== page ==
9 Stimulus paper by Tom Kennie and Ilfryn Price 06 Q2 The very lucky few: highly 5 According to HEFCE statistics only a minority in this sector selective, research intensive, private actually earn more than half their income directly from research. and public funding 6 This quadrant is also a zone with relatively few providers. At first glance it might Kelly and McNicol (2011) appear to contain members of the two mission groups which are most research intensive5 (the Russell and 1994 mission groups). In a less resource-constrained environment this might be the case. The more likely outcome is that this is the region of the very lucky few at least for those who see their future success in research terms. In this zone those research intensives with a longer history of investment in research may select to create their future through research strength and access to a greater share of public funding for research. Whilst they might argue (convincingly) that those in Q1 should not be able to access such public funds it does seem unlikely that this would occur since going private without such a condition would make such a move virtually impossible. The announcement of strategic alliances and collaborations e.g. Birmingham-Nottingham: Liverpool- Lancaster globally between Warwick and Monash may well prove to be important steps to secure a position in this important space. Within this quadrant it is also possible to speculate about how access to public funds will become even more focused not only for research purposes but also for certain types of teaching provision. Increasingly across the English system and the devolved administrations the move towards funding on the basis of something for something seems likely to grow be it through explicit outcome agreements as proposed in Scotland or through access to regional growth funding in England. Some universities already access additional marginal funding through their close working in their city or region and gain access to some other public funds by working collaboratively with other public services in their locality. These more publicly engaged universities may well benefit financially by demonstrating how they not only provide new services in their locality but also differentiate themselves by a much higher emphasis on their public service and public good activities. The recent report by Kelly and NcNicol6 offer some interesting perspectives on this theme. Q3 The vertically integrated: open access and/or content, learning focused, public and private funding This quadrant contains a number of distinctive higher education models. One model, the vertically integrated one, consists of a higher education system with a number of interlinked, elements. The merged multiversities might emerge and gain competitive advantage from their ability to build close and sustainable partnerships between part of the school system, the further education college sector involved in higher education delivery and in some cases with limited private sector providers (for international and domestic students). These merged multiversities are also likely to extend beyond their original geographical boundaries as the mode of delivery becomes less dependent on an exclusively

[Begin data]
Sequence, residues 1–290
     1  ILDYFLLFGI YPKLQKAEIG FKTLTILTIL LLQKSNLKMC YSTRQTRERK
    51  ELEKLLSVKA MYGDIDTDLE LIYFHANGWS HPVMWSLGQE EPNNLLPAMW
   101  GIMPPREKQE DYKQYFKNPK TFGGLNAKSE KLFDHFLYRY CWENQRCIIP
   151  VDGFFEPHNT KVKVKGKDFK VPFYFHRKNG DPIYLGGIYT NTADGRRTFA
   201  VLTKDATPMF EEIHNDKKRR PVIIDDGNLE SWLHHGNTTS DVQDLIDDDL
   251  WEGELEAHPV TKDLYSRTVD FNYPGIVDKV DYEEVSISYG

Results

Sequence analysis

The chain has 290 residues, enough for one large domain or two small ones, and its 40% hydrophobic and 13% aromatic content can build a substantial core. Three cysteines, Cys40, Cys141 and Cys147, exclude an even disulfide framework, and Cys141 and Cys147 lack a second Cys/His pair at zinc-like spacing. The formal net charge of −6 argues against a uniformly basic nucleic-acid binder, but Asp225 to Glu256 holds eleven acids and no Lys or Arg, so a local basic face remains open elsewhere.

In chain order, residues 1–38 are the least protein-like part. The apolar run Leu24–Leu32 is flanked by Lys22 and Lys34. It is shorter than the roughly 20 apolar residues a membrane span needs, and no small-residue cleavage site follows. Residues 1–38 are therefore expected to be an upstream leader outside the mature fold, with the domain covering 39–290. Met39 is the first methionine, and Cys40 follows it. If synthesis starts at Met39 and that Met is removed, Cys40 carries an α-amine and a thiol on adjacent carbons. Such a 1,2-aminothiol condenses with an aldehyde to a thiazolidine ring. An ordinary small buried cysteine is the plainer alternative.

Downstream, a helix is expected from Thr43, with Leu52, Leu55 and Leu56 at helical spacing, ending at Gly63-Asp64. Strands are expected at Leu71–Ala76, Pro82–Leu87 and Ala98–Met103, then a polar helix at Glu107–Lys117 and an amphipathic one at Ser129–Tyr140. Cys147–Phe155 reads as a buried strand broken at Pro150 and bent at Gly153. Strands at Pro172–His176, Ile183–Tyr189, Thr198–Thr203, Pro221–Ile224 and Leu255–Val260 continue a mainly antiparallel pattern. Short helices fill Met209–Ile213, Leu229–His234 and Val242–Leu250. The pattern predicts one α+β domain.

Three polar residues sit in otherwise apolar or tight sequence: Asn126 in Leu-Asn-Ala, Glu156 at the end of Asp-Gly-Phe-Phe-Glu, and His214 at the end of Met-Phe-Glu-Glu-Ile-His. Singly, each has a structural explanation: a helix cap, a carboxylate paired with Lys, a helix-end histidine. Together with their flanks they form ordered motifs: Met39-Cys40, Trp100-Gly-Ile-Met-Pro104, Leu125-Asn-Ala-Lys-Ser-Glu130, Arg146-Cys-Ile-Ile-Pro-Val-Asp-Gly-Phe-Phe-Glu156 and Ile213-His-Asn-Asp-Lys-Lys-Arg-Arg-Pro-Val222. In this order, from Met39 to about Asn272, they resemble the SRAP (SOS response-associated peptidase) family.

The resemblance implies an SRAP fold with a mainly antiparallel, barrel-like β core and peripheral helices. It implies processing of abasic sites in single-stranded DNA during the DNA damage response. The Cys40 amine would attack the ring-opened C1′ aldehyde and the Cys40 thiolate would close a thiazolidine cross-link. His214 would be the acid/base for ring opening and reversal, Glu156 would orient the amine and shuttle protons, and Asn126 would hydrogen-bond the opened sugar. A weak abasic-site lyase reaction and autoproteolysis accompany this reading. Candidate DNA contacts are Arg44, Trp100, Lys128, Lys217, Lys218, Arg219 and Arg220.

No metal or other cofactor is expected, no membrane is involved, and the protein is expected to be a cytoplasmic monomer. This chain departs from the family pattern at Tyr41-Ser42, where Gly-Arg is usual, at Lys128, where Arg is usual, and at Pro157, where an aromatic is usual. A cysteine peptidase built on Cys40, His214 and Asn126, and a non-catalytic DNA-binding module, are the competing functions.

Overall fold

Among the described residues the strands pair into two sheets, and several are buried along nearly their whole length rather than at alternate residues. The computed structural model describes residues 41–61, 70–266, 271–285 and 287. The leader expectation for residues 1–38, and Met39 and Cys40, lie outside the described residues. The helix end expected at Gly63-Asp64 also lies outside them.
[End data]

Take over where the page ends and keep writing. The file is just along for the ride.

10 07 Disruptive innovation and the higher education ecosystem post-2012 7 face-to-face model. The difficulties of establishing such bodies are significant and www.khanacademy.org those who have in the past moved in this direction (e.g. Thames Valley University 8 (now known as the University of West London), and Reading College among others) Brazil, Russia, India, China are at present moving away from it and back to a more focused higher education agenda. However, as the year-on-year impact of the new fee and student number control systems play out (in England) this may be an opportunity for some. Also in this quadrant one might see a growth in providers who seek to maximise value from the rapidly expanding area of open educational resources (OCR). Drawing its value from this, the notion of an Open Source University may emerge. This free at the point of delivery model adds value by providing effective navigation, routes and pathways to qualifications and advice and guidance, among many other potential services, to an as yet un-served market, the classic region where disruptive innovation typically lies. If the earlier lessons of disruption are transferable into higher education it seems likely that this space wont be filled by a current incumbent but by a new player entering the market. The business model to make this possible would require further disruptions to take place to enable new providers access to student loans, degree awarding powers and changes in aspects of quality assurance among other changes. Q4 The networked for profits: open access and/or content, learning focused, private funding, for profit This quadrant is possibly the most organic part of the new ecosystem. As different drivers combine and flourish, the influence of the new private funders may play out in different ways. First is the anticipated continued growth of the global integrators. As the demand for higher education grows particularly in the emerging BRIC8 economies, a relatively few major global (and regional) players will expand considerably. Whether it is the Laureate group, Raffles Inc. or Tata PLC it seems unlikely that the market will shrink. What is also likely is that more state assets will transfer either wholly, or more likely, in parts, to this area. Independently, as constrained resources continue to dominate in many higher education markets, the existing and a potentially new group of unbundlers will begin to have a more substantial influence on our existing landscape. Existing players such as Pearson PLC are already having a potentially disruptive impact on the provision of structured content. Other new incumbents such as the Khan Academy7 are offering free access to basic STEM content using a donation business model. Many more unbundlers exist in higher education, for example in the use of personalised learning analytics and the provision of tools to assist learning through collaboration. Others seem likely to come into the cloud and mobile learning zones which are very much in their infancy, but which have the potential to offer many opportunities for unbundling for disruptive innovators. A third model we are already seeing emerge in this zone is the establishment of specialist for-profit universities. Again, it is in its infancy in the UK with one private